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The Bioharness™ device is designed for monitoring physiological variables in free-living situations but has only been proven to be reliable and valid in a laboratory environment. Therefore, this study aimed to determine the reliability and validity of the Bioharness™ using a field based protocol. Twenty healthy males participated. Heart rate (HR), breathing frequency (BF) and accelerometry (ACC) were assessed by simultaneous measurement of two Bioharness™ devices and a test-retest of a discontinuous incremental walk-jog-run protocol (4 - 11 km·h(-1)) completed in a sports hall. Adopted precision of measurement devices were; HR: Polar T31 (Polar Electro), BF: Spirometer (Cortex Metalyser), ACC: Oxygen expenditure (Cortex Metalyser). For all data, precision of measurement reported good relationships (r = 0.61 to 0.67, p < 0.01) and large Limits of Agreement for HR (>79.2 b·min(-1)) and BF (>54.7 br·min(-1)). ACC presented excellent precision (r = 0.94, p < 0.01). Results for HR (r= ~0.91, p < 0.01: CV <7.6) and ACC (r > 0.97, p < 0.01; CV <14.7) suggested these variables are reliable. BF presented more variable data (r = 0.46-0.61, p < 0.01; CV < 23.7). As velocity of movement increased (>8 km·h(-1)) data became more erroneous. A data cleaning protocol removed gross errors in the data analysis and subsequent reliability and validity statistics improved across all variables. In conclusion, the Bioharness™ HR and ACC variables have demonstrated reliability and validity in a field setting, though data collected at higher velocities should be treated with caution. Measuring human physiological responses in a field based environment allows for more ecologically valid data to be collected and devices such as the Bioharness™ could be used by exercise professionals to begin to further investigate this area.
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The purpose of this investigation was to study the effects of 36 continuous holes of competitive golf on salivary testosterone, cortisol, and testosterone-to-cortisol ratio and their relation to performance in eight elite male collegiate golfers (age 20.3 [+/- 1.5] years). Thirty-six holes of a 54-hole NCAA golf tournament were played on the first day of the competition. A saliva sample was taken 45 minutes prior to the round and immediately following each hole for a total of 37 samples per subject. Time matched baseline samples were collected on a different day to account for circadian variation. Six-hole areas under the curve (AUC) values were calculated for endocrine measures. Significant (p < 0.05) increases were noted for cortisol during competition, however, testosterone did not change during competition compared to baseline. Testosterone-to-cortisol (T/C) ratio was significantly lower throughout the competition compared to baseline measures. Thirty-six-hole AUC testosterone-to-cortisol ratio response was correlated (r = 0.82) to 36-hole score. There was a high correlation between pre-round testosterone (r = 0.71), T/C ratio response (r = 0.82), and 36-hole score. CSAI-2 somatic anxiety was correlated to pre-round cortisol (r = 0.81) and testosterone (r = - 0.80) response. These results indicate a significant hormonal response during 10 hours of competitive golf. Good golf performance (low golf scores) in this competition was related to low T/C ratio (r = .82). Additionally, results from this investigation validated CSAI-2 somatic anxiety with physiological measures of anxiety.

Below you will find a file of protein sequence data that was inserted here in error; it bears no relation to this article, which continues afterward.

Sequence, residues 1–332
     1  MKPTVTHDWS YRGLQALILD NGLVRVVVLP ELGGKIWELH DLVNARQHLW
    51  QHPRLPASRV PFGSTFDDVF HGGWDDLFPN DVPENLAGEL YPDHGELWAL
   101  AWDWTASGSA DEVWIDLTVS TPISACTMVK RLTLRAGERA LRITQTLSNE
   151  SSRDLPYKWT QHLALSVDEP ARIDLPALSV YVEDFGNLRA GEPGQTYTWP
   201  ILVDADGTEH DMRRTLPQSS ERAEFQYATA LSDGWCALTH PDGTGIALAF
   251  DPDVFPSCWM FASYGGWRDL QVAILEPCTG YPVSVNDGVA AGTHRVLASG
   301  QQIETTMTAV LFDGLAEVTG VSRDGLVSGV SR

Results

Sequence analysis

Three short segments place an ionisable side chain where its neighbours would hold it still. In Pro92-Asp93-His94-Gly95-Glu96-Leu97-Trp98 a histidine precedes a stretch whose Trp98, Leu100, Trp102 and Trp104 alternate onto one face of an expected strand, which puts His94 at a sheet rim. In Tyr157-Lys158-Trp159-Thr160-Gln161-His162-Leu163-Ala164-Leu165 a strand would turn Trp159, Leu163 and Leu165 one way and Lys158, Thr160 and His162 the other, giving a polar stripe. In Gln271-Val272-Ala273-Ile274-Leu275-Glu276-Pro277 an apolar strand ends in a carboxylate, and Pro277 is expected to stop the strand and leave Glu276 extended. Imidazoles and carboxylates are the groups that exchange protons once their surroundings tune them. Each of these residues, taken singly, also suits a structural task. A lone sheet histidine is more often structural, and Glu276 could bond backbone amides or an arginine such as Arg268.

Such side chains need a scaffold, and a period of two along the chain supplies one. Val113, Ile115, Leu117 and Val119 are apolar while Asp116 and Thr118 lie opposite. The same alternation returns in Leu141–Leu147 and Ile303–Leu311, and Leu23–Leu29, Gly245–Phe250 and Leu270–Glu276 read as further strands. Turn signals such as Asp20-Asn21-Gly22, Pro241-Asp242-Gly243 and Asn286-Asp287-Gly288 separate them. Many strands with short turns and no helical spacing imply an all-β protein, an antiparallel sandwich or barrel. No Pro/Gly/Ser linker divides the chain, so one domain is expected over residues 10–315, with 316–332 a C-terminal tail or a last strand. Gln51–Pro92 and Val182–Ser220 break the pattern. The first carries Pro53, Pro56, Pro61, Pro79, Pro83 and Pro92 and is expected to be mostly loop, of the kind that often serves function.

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The aim of this investigation was to determine the use of caffeine by athletes after its removal from the World Anti-Doping Agency list. For this purpose, we measured the caffeine concentration in 20 686 urine samples obtained for doping control from 2004 to 2008. We utilized only urine samples obtained after official national and international competitions. Urine caffeine concentration was determined using alkaline extraction followed by gas chromatography-mass spectrometry. The limit of detection (LOD) was set at 0.1 µg·mL(-1). The percentage of urine samples below the LOD was 26.2%; the remaining 73.8% of the urine samples contained caffeine. Most urine samples (67.3%) had urinary caffeine concentrations below 5 µg·mL(-1). Only 0.6% of urine samples exceeded the former threshold for caffeine doping (12 µg·mL(-1)). Triathlon (3.3 ± 2.2 µg·mL(-1)), cycling (2.6 ± 2.0 µg·mL(-1)), and rowing (1.9 ± 1.4 µg·mL(-1)) were the sports with the highest levels of urine caffeine concentration; gymnastics was the sport with the lowest urine caffeine concentration (0.5 ± 0.4 µg·mL(-1)). Older competitors (>30 y) had higher levels of caffeine in their urine than younger competitors (<20 y; p < 0.05); there were no differences between males and females. In conclusion, 3 out of 4 athletes had consumed caffeine before or during sports competition. Nevertheless, only a small proportion of these competitors (0.6%) had a urine caffeine concentration higher than 12 µg·mL(-1). Endurance sports were the disciplines showing the highest urine caffeine excretion after competition.